Huckleberry Finn

Ad usum Delphini: should we Bowdlerize children’s books?

The Ture Sventon books are a series of Swedish children’s detective stories written by Åke Holmberg 1948-1973. They are locally well-known and appreciated, but henceforth Ture Sventon i Paris (1953) will likely not be republished. The reason is that the publisher Rabén & Sjögren wanted to remove the word “neger” in the book, and the Swedish Writers’ Union (who owns the copyright to the books) refused this change, since it would change the character of the book. They acknowledged that it was a word with a racist resonance but also a part of cultural history, and hence it could not be removed or replaced with “colored” or “black”. They suggested adding an explanatory introduction instead. The publisher choose not to reissue the book.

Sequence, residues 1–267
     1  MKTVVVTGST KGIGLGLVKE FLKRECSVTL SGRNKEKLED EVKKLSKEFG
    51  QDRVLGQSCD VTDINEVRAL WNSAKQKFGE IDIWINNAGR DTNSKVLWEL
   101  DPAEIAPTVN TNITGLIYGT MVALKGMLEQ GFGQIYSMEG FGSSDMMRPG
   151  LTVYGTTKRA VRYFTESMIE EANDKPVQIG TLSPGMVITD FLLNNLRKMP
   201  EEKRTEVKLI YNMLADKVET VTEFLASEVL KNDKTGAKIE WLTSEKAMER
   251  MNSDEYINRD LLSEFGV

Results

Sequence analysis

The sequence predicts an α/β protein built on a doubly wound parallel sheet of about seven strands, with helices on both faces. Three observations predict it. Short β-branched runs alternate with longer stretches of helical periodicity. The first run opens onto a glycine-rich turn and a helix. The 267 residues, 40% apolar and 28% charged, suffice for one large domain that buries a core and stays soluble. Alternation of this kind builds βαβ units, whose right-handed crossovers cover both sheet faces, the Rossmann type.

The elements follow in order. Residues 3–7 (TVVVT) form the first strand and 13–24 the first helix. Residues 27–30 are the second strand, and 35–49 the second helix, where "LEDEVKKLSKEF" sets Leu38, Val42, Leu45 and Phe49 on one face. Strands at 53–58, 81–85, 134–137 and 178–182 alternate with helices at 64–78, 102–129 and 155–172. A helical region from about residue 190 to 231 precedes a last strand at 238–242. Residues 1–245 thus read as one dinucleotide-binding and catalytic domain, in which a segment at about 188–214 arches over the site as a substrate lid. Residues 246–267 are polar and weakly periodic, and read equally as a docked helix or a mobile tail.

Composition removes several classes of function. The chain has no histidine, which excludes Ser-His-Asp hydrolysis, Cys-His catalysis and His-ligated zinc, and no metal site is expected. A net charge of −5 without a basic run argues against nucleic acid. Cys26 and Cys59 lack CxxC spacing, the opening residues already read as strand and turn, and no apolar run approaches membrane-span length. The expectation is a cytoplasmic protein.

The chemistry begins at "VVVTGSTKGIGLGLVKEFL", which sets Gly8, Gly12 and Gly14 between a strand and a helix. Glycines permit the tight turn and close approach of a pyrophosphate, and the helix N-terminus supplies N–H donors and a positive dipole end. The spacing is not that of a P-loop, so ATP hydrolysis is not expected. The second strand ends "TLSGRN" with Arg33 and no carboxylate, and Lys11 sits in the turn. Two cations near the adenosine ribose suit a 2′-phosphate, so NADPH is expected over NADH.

In English-speaking countries another recent controversy is about the new edition of Huckleberry Finn that replaces use of the word “nigger” with “slave” and “injun” to “Indian”. Again, literature experts complains that this fundamentally changes the novel (which after all is an anti-racist book) and might have deeply upset the author, yet others think that this will allow it to be read more in schools or public. Are we seeing examples of well-intentioned acts of “cultural vandalism and obscurantism that constricts rather than expands the life of the mind”, or just attempts to reduce impediments for the public to read the works?

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